Journal of Integrative Pediatric Healthcare: Open Access

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Research Article

Trends in Scientific Publications on Mental Health Problems in Paediatric Journals

Vinod Kolimarala, Nicola Clarke

Correspondence Address :

Vinod Kolimarala
Department of Undergraduate Medical Education
Epsom & St. Helier University Hospitals NHS Trust Wrythe lane, Sutton, Carshalton SM5 1AA
Email: vkolimarala@doctors.org.uk

Received on: July 07, 2017, Accepted on: July 20, 2017, Published on: July 25, 2017

Citation: Vinod Kolimarala, Nicola Clarke (2017). Trends in Scientific Publications on Mental Health Problems in Paediatric Journals

Copyright: 2017 Vinod Kolimarala, et al. This is an open-access article distributed under the terms of the Creative Commons Attribution License, which permits unrestricted use, distribution, and reproduction in any medium, provided the original author and source are credited.

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Objective: To investigate the quantity, quality, geographic location and trends of publications on mental health conditions in the official journals of Royal College of Paediatrics and Child Health (RCPCH) and American Academy of Pediatrics (AAP) for paediatric trainees in the UK and the USA.
Methods: Articles from Archives of Disease in Childhood (ADC) and Pediatrics - two official journals for paediatric trainees in the UK and the USA - were retrieved by reviewing each monthly issue of the journals from January 2014-December 2016. All articles except conference abstracts, letters, news and corrections were included. The geographical location, article type and topic of the publication were analysed.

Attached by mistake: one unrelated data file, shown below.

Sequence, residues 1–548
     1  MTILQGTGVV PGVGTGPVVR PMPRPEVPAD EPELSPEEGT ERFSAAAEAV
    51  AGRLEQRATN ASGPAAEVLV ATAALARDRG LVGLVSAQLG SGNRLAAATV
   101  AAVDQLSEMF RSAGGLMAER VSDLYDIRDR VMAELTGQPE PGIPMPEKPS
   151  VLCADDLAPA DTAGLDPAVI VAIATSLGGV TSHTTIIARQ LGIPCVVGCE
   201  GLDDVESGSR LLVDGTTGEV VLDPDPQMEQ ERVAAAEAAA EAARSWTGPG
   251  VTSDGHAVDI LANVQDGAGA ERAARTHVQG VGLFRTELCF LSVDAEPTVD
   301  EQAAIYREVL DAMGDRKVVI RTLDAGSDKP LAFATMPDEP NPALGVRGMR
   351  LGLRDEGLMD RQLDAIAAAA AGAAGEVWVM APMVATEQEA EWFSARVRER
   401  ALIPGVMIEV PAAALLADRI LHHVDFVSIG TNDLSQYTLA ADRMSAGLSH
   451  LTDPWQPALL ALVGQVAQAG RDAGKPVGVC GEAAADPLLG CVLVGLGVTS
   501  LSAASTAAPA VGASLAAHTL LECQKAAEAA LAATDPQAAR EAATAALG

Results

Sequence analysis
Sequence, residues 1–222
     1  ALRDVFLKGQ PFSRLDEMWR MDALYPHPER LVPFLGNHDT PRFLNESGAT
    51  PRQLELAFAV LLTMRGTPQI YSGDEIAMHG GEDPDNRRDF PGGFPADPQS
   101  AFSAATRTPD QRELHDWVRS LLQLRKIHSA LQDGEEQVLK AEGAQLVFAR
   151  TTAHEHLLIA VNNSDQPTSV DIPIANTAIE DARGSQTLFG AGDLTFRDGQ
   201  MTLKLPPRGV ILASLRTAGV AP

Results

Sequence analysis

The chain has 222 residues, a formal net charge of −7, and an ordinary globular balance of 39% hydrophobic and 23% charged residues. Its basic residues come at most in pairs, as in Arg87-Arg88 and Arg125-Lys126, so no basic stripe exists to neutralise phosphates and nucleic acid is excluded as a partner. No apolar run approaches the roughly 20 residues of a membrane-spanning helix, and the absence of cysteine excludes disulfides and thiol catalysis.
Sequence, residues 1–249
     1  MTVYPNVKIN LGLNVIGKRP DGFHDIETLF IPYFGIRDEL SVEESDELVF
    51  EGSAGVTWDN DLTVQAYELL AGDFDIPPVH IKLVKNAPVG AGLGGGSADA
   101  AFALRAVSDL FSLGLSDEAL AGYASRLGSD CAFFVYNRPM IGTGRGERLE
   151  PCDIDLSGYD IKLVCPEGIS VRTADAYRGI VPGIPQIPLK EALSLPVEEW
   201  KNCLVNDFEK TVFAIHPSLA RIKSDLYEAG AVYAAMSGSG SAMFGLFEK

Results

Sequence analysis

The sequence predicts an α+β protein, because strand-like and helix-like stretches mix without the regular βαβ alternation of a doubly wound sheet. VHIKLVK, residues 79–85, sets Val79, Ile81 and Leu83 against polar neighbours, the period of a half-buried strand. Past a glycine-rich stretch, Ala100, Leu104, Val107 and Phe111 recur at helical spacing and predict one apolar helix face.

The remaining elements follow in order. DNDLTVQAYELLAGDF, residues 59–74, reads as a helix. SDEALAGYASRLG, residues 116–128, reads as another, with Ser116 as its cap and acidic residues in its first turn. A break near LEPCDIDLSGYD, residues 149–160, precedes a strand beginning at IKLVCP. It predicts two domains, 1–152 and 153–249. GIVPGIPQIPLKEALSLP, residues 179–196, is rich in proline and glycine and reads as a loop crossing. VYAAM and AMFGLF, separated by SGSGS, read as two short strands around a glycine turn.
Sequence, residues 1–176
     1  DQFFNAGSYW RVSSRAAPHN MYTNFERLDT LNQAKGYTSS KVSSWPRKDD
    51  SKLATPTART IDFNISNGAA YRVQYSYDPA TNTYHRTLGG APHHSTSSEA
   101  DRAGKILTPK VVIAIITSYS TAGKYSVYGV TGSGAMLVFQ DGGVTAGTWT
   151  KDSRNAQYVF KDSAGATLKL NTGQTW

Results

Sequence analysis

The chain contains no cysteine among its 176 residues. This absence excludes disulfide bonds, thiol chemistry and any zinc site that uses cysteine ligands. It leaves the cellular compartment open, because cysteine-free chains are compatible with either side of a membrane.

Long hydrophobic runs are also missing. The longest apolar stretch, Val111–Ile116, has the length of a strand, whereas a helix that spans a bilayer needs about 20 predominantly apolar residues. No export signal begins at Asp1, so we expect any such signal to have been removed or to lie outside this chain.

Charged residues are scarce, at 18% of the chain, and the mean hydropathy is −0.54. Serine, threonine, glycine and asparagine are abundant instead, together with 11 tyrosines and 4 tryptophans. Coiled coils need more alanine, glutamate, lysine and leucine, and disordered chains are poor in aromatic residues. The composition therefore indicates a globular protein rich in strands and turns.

Results: In total, 146 publications on mental health conditions were published in these two journals in three years. 121 of these publications were in Pediatrics and 25 in ADC.
The most common topics covered were attention deficit hyperactivity disorder (ADHD) (16%) and autistic spectrum disorder (ASD) (15%). The majority (68%) were observational studies; cohort, cross sectional and case-control studies. Most of the publications were from the USA (67%) followed by the UK (8%) and Australia (8%).
Conclusions: In both of the paediatric journals, publications relating to mental health mostly originated from the USA and studies were predominantly observational in nature. The commonest topics were ADHD and ASD with very few publications on post-traumatic stress disorder, gaming and pharmacotherapy.
Mental health conditions in the paediatric population are increasingly being recognised as a public health problem. Mental health conditions in childhood and adolescence can have adverse and long-lasting effects [1]. Training of the work force is one of the essential steps required to deal with this challenge [2].
Both the American Academy of Pediatrics and the Royal College of Paediatrics and Child Health, through various resources contribute significantly to guidance, education and training of Paediatric trainees in the USA and the UK. Scientific publications contribute to the learning of trainees in all medical specialities and helps with keeping abreast with the developments in his/her field of practice.
The aim of this study was to investigate the trend, quantity, quality and geographic location of scientific publications in two frequently read journals by paediatrics trainees in the UK and the USA; namely Archives of Disease in Childhood (ADC) and Pediatrics.